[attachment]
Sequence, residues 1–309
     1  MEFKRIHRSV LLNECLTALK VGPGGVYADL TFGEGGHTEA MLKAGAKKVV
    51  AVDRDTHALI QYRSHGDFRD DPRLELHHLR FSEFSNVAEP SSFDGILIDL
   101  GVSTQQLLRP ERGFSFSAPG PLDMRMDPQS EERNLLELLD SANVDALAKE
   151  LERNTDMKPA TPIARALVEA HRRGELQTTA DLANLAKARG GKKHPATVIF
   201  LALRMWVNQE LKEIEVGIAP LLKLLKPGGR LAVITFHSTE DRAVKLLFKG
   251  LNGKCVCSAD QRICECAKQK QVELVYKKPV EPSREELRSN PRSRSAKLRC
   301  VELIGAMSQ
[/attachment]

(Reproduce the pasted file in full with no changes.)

Sequence, residues 1–309
     1  MEFKRIHRSV LLNECLTALK VGPGGVYADL TFGEGGHTEA MLKAGAKKVV
    51  AVDRDTHALI QYRSHGDFRD DPRLELHHLR FSEFSNVAEP SSFDGILIDL
   101  GVSTQQLLRP ERGFSFSAPG PLDMRMDPQS EERNLLELLD SANVDALAKE
   151  LERNTDMKPA TPIARALVEA HRRGELQTTA DLANLAKARG GKKHPATVIF
   201  LALRMWVNQE LKEIEVGIAP LLKLLKPGGR LAVITFHSTE DRAVKLLFKG
   251  LNGKCVCSAD QRICECAKQK QVELVYKKPV EPSREELRSN PRSRSAKLRC
   301  VELIGAMSQ